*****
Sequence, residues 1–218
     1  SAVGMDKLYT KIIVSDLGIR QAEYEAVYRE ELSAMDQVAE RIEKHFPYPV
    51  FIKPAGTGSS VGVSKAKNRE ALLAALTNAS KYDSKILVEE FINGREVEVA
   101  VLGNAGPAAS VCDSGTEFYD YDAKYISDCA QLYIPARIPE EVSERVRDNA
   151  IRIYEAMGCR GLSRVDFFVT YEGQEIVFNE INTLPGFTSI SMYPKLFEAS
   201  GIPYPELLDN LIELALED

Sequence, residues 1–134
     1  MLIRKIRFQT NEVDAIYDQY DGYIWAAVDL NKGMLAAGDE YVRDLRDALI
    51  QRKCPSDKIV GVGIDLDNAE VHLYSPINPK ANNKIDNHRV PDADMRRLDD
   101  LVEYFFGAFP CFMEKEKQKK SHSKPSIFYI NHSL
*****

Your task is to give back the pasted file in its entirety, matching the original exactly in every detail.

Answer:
Sequence, residues 1–218
     1  SAVGMDKLYT KIIVSDLGIR QAEYEAVYRE ELSAMDQVAE RIEKHFPYPV
    51  FIKPAGTGSS VGVSKAKNRE ALLAALTNAS KYDSKILVEE FINGREVEVA
   101  VLGNAGPAAS VCDSGTEFYD YDAKYISDCA QLYIPARIPE EVSERVRDNA
   151  IRIYEAMGCR GLSRVDFFVT YEGQEIVFNE INTLPGFTSI SMYPKLFEAS
   201  GIPYPELLDN LIELALED

Sequence, residues 1–134
     1  MLIRKIRFQT NEVDAIYDQY DGYIWAAVDL NKGMLAAGDE YVRDLRDALI
    51  QRKCPSDKIV GVGIDLDNAE VHLYSPINPK ANNKIDNHRV PDADMRRLDD
   101  LVEYFFGAFP CFMEKEKQKK SHSKPSIFYI NHSL